Can Apple Create a Vehicle Infotainment System That Works?
The race to produce the top vehicle infotainment system is heating up as Apple has been granted 36 new patents to cover the system’s intended interfaces. Features that are covered by the patents include touchscreen technology, screens that correspond with laser pointers and a camera that can detect the position of the driver’s head. Although it seems as if the consumer electronics leader has very ambitious ideas for the infotainment system, technology experts wonder whether the finished product’s real-world functionality will measure up to the hype that precedes it.
Concerns With the Apple Infotainment System
A major concern that has caused some industry experts to have doubts regarding the Apple infotainment system has little to do with Apple’s capabilities and is based on the automakers’ ability to deliver compatible technology in vehicles. Car manufacturers have historically lagged behind the consumer electronics industry in terms of technological advancement. When today’s in-car electronics were first introduced to the market, many consumers were already using superior applications on their smartphones and other handheld, portable electronic devices. As a result, in-car electronics generate more consumer complaints than most other personal electronic devices. Common issues among existing vehicle infotainment systems include buggy software, screen freezes, touchscreen lag, or failure to recognize a compatible mobile phone, MP3 player or voice command.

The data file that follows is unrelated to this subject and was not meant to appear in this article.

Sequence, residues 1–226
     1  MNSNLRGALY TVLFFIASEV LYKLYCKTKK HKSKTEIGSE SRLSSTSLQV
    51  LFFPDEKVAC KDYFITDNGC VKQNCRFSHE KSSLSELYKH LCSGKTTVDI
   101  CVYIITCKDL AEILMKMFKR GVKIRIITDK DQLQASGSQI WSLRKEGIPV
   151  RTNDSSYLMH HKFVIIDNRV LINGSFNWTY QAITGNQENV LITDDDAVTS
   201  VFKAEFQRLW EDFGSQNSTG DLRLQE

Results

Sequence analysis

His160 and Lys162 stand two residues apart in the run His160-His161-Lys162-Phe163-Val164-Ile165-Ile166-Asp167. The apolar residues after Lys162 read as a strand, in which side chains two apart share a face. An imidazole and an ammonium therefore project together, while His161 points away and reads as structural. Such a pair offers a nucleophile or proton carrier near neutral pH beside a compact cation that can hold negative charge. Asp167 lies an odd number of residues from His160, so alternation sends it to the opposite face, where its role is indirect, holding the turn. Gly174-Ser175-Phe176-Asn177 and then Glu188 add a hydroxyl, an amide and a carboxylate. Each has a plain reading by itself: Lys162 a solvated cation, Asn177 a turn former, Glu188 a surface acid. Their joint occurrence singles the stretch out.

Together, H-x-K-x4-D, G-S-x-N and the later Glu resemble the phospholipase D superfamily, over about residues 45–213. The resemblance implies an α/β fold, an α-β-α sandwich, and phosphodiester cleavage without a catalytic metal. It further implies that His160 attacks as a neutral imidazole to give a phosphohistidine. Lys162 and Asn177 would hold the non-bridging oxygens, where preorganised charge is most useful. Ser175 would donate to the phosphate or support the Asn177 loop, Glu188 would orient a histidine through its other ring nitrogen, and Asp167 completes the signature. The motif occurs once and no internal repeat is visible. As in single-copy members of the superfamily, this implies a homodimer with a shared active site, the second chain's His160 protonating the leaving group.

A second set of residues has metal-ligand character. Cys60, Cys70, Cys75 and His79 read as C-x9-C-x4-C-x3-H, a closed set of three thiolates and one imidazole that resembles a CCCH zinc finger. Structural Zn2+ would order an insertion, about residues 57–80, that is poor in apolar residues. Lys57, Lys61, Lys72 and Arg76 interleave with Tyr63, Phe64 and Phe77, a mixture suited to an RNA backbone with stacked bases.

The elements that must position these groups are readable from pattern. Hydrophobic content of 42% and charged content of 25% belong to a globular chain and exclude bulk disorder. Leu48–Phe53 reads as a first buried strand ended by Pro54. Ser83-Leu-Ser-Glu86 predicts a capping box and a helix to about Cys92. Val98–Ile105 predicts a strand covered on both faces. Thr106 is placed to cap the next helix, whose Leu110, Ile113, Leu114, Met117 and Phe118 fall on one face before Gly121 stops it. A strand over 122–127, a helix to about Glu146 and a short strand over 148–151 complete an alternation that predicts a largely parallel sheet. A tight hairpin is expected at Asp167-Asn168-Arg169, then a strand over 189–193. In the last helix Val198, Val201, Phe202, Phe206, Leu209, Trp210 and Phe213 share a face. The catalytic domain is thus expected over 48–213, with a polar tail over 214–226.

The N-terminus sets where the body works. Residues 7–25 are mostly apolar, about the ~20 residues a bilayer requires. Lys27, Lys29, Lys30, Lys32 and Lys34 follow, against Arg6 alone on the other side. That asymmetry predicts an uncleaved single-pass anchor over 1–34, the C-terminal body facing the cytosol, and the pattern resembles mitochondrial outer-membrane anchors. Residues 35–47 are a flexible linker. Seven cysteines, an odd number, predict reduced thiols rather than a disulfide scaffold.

The automotive industry’s current effort to create a standardized Linux-based operating system in vehicles may effectively close the development gap between automakers and manufactures like Apple. The system would be open source and reusable, which would allow auto manufacturers to share advances more quickly as they become available.
Overall, the success of Apple’s infotainment system will rely heavily on the ability of automobile manufacturers to keep up with their pace by developing compatible technology within the vehicles. The proposed open source standardized system offers what appears to be a very promising solution to one of the largest problems the Apple infotainment system currently faces.